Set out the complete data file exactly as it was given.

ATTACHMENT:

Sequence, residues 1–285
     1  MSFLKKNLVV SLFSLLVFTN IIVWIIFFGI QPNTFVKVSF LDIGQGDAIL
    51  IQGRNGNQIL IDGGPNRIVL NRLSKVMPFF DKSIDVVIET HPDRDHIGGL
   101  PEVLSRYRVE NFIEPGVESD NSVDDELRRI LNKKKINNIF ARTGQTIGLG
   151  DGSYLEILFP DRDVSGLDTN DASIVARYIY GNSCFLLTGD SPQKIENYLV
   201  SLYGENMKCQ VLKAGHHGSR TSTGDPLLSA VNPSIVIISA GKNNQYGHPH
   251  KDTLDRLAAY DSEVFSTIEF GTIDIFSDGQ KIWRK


Sequence, residues 1–285
     1  MSFLKKNLVV SLFSLLVFTN IIVWIIFFGI QPNTFVKVSF LDIGQGDAIL
    51  IQGRNGNQIL IDGGPNRIVL NRLSKVMPFF DKSIDVVIET HPDRDHIGGL
   101  PEVLSRYRVE NFIEPGVESD NSVDDELRRI LNKKKINNIF ARTGQTIGLG
   151  DGSYLEILFP DRDVSGLDTN DASIVARYIY GNSCFLLTGD SPQKIENYLV
   201  SLYGENMKCQ VLKAGHHGSR TSTGDPLLSA VNPSIVIISA GKNNQYGHPH
   251  KDTLDRLAAY DSEVFSTIEF GTIDIFSDGQ KIWRK